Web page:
The need to accelerate vaccine development has never been more important as we continue to navigate life amidst a global pandemic. The approval of the first COVID-19 vaccines was an enormous milestone for messenger RNA (mRNA) therapeutics that altered the course of the pandemic and highlights the rapid response potential of the technology. While it may seem as though the mRNA technology underlying the vaccines was an overnight success, it was based on decades of scientific research and innovation, making synthetic RNA safe for injection. However, getting these highly sensitive RNA molecules into cells without degradation while maintaining safety, potency and efficacy was a major challenge. Lipid nanoparticles (LNPs) have solved many of these problems and are now the key to making mRNA vaccines a reality. The demonstrated clinical efficacy of the COVID-19 mRNA vaccines has driven explosive growth in the development of RNA-based vaccines and concomitantly propelled LNPs into the mainstream as an effective drug carrier for complex polynucleotide- and peptide-based therapeutics.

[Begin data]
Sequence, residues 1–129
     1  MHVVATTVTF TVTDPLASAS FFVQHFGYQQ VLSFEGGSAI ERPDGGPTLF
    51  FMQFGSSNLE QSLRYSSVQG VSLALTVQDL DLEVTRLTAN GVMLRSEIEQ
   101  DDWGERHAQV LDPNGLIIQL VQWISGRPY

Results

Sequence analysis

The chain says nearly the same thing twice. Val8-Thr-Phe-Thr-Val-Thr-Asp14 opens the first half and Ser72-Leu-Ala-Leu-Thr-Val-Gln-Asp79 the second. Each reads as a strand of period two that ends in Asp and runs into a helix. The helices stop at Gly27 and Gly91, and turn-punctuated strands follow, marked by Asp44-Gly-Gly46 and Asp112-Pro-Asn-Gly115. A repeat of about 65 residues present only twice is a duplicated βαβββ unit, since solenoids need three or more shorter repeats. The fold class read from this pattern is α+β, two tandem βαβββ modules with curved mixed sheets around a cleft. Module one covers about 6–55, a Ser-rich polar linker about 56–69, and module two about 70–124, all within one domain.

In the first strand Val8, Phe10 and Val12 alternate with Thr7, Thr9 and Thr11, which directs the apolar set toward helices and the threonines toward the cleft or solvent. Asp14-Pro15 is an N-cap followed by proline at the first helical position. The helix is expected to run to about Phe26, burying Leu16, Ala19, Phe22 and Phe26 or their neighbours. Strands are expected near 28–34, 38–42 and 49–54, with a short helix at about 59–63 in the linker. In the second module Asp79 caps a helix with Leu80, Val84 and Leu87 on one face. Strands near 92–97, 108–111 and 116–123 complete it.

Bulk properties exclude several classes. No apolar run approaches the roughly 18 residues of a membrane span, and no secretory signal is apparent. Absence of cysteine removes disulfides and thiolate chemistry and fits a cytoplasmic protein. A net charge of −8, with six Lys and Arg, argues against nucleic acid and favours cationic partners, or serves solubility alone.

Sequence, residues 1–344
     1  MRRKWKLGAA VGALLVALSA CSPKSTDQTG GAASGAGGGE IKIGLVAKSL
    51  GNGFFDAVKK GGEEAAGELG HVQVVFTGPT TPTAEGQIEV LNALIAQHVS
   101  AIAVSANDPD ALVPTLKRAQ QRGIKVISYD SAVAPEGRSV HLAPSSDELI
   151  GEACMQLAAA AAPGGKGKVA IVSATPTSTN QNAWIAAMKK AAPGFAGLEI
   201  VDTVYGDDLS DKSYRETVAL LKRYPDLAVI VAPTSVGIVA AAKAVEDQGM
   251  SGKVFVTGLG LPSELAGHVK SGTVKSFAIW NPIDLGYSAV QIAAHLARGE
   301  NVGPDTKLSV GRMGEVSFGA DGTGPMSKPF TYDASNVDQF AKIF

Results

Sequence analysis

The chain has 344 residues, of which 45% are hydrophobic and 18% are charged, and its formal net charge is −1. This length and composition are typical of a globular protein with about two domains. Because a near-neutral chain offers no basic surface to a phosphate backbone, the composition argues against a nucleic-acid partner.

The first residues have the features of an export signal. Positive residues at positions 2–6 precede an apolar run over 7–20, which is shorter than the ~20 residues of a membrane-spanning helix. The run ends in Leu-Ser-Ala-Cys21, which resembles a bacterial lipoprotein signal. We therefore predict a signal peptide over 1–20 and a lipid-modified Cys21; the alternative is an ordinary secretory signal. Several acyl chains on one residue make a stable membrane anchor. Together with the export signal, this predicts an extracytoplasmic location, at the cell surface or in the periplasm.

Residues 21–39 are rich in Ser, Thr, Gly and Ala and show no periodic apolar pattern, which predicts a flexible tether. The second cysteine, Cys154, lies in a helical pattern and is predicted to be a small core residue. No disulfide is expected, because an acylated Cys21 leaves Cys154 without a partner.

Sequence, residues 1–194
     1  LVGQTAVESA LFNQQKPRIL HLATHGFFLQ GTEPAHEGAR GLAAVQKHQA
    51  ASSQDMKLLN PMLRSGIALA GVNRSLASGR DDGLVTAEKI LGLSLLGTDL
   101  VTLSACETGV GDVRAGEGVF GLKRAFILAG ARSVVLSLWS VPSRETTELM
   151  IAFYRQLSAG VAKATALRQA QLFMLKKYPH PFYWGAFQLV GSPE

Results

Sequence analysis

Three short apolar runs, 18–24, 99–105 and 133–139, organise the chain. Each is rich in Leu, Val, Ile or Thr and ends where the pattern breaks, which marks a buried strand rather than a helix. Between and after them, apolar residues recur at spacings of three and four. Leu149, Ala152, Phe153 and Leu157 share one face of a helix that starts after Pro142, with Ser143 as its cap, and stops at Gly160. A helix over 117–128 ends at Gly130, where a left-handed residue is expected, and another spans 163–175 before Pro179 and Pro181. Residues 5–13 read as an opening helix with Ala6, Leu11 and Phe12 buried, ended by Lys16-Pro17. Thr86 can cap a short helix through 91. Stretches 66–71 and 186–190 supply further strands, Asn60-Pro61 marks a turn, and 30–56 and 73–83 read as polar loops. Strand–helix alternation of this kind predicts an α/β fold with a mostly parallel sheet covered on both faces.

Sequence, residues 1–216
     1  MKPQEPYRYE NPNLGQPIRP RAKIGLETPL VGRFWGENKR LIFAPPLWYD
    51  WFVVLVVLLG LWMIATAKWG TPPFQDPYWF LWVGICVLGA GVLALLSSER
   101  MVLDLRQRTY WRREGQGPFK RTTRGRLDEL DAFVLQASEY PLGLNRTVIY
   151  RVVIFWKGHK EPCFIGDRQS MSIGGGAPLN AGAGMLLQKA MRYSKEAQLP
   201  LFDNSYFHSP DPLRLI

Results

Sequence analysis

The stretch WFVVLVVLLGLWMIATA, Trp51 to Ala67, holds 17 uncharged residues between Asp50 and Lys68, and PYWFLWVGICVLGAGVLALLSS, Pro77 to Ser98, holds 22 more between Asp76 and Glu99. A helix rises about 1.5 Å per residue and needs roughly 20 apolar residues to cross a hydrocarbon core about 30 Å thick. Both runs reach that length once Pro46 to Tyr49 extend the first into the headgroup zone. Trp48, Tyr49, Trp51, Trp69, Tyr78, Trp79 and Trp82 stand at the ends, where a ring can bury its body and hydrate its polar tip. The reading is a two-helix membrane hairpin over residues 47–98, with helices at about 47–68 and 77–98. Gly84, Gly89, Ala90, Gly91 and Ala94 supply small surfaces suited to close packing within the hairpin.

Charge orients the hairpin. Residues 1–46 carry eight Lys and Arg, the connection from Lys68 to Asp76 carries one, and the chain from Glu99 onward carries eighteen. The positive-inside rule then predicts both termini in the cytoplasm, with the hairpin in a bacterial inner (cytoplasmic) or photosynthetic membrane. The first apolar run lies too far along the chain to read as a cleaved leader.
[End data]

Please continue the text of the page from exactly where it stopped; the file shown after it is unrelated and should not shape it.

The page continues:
The LNPs used in the COVID-19 vaccines are composed of positively charged ionizable lipids which undergo an electrostatic interaction with negatively charged mRNA molecules. While LNPs are complex delivery systems, their low toxicity, ability to efficiently encapsulate a variety of genomic payloads (or multiple payloads) and be engineered to specifically target a type of cell present new opportunities for emerging nanomedicines. With growing global interest, demand for LNPs is at an all-time high. The move from a niche application to mainstream has increased investment into bioprocessing development efforts to establish reliable and robust manufacturing with clear scalability and compliance goals in mind.
This article explores the impact of downstream process development on bioactivity and a case study regarding the development of a self-amplifying RNA-LNP COVID-19 vaccine.